The Communicator :: November/December 2007
As you have already noticed, MTSU launched a new homepage in August. In follow-up of the Web response to a Stamats report, an ad hoc committee (Lucinda Lea, Bob Glenn, Joe Bales, Doug Williams, Cathy Lower, and Barbara Draude) was established to recommend changes to the MTSU opening homepage. The committee reviewed three potential designs and asked the Web applications team to survey students as to the preferred design. Once the design was settled upon, the redesigning process began.
The impetus behind the redesign was to improve the aesthetic appeal of the homepage as well as bolster its impact.
The launching of the homepage correlated with the unveiling of MTSU's "I'm One"; campaign, which includes testimonials from students describing the exciting and distinctive attributes of MTSU.
The changes in the new homepage provide a sleeker design and more options for the user. The links are now located in the center of the page, instead of on the left side. In order to minimize clutter, the links to campus news have been eliminated from the homepage. In addition, there are now options for prospective students, incoming students, current students, graduate students, and alumni to choose from.
The result is a cleaner, crisper homepage for both visitors and regular users to enjoy.
It's a harbored technological myth that professors are always catching up with their students. As the digital world expands, professors are now taking the reins and teaching students how technology can improve their retention. It's an exciting time to be teaching for professor like Dr. Randy Livingston.
Dr. Livingston, an assistant professor of Journalism at MTSU, has integrated all of his classes into a single Web site chocked full of student resources. It's a fifth-generation Web site that allows students to post messages and images as well as share files. There is also a Web-based calendar, the iCal, which lays out the course schedule.
"That itself has been great because students don't have as many questions about what's due and when it's due because it is all on the iCal,"; Dr. Livingston said.
A link from the main class Web site will take you to a video workshop Dr. Livingston has set up. It is a place where videos and tutorials can be streamed for student use.
The area Dr. Livingston most enjoys is his work with audio and visual Podcasts. "I like to use Podcasts to go beyond what is normally taught in the classroom,"; he said.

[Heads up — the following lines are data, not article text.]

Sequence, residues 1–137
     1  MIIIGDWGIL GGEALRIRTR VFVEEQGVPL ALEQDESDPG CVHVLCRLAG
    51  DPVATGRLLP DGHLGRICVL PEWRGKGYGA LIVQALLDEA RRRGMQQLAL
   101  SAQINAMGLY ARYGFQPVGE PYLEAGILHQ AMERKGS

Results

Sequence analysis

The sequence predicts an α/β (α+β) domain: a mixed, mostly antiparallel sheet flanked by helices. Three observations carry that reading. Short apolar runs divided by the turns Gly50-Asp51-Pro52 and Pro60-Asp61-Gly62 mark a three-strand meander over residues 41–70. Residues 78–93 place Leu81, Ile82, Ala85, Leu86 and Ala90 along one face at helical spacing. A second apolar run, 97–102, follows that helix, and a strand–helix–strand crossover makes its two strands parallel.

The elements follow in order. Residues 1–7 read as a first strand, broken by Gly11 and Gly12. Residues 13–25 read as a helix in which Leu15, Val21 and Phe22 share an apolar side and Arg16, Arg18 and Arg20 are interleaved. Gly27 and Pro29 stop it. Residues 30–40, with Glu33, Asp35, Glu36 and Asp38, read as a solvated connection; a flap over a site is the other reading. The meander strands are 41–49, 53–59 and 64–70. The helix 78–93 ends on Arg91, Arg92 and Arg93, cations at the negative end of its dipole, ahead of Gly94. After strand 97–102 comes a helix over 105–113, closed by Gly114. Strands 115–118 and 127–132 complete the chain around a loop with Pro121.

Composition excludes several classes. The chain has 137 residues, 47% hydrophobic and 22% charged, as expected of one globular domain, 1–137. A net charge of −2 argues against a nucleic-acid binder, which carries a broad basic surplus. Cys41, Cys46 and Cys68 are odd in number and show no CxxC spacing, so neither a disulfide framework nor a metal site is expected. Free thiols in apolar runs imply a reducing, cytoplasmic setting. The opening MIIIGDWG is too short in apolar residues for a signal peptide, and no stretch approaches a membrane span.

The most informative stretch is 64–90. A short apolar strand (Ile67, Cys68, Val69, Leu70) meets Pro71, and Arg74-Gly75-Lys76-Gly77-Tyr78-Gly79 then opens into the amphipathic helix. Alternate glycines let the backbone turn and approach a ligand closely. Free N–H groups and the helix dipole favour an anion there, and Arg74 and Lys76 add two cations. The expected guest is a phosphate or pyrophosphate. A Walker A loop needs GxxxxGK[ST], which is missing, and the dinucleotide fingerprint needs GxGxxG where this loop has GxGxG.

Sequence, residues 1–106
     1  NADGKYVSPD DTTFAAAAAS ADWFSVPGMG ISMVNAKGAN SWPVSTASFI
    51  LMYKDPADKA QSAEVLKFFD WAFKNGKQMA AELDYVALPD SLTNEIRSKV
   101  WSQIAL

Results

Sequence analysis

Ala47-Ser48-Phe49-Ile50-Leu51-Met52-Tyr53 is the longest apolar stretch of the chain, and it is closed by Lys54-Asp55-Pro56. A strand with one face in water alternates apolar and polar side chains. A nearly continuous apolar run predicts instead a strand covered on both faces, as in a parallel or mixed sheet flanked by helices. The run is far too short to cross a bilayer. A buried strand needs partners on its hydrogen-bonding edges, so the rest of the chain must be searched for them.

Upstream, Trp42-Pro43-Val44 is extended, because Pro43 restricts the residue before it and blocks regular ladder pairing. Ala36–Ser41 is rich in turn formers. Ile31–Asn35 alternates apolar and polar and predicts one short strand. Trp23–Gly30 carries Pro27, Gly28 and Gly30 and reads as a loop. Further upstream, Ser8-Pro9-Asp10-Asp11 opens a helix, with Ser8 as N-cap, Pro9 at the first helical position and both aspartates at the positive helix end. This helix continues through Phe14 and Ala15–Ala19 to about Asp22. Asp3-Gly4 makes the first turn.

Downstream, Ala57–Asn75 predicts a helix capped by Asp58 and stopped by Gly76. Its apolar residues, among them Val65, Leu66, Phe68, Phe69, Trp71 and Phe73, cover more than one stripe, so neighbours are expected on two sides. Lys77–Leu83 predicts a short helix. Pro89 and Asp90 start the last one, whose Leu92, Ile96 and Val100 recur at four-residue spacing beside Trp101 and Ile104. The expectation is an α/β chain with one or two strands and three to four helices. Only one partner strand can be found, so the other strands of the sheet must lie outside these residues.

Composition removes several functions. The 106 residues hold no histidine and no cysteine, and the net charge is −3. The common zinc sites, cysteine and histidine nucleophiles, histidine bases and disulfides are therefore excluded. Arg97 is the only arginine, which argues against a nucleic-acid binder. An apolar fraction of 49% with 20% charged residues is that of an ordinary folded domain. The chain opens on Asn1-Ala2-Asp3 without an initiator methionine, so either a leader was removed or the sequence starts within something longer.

The technological methods he has been teaching his students have been appreciated. "The way I incorporate technology into my Media Design classes has been (received positively) because it is tools they can use,"; he said. "I have students seems to be more engaged. They already have some gears turning when they come to class on a particular topic and it enhances our classroom time together.";
Dr. Livingston took great care with the decision to make most all class information available on the Web. He wondered if students would spend their time online instead of attending class. However, the result has been quite the opposite. "I actually haven't seen (classroom attendance dropping). I'm not a teacher who takes roll. … But that information and lectures being online hasn't been a deterrent or factor in attendance.";
Delving into Middle Tennessee State's technological network can be a daunting task for some. It certainly helps to have a friendly face for guidance through all the intricacies and nuances. Add systems analyst Jo Ann Baston to that long list of personable Information Technology Division employees.
Like many jobs in ITD, Baston's job is constantly evolving. Currently, her main task is assisting users to set up programs using the recently installed Banner system.
"A lot of the users we have right now don't have the access (to Banner). Two other people besides myself are creating programs for them and giving them the information,"; she said.
While she is enabling others to create programs with Banner, she is still learning herself. It could be a potential minefield of problems, but Baston's positive perspective keeps the process moving forward.
"(It's a challenge) learning where everything is in Banner compared to the Plus system. And at the same time, getting people the information they need,"; she said. She said that maintaining poise in pressure situations is key.
Baston worked in Nashville for the state of Tennessee for 18 years before joining ITD in 2001. It's a move that has paid dividends for the Murfreesboro resident. Her warm persona fits right in with what she noted as the friendliness of the campus.
"Helping the user and getting them what they need (is the most rewarding aspect),"; she said. "Just knowing that you solved a problem or you got something they needed is nice.";
Baston enjoys being outdoors with her husband and spends quality time at home with her two Dachshunds. Her eldest son will soon graduate from MTSU, while her youngest son is enrolled at Motlow State Community College in Tullahoma.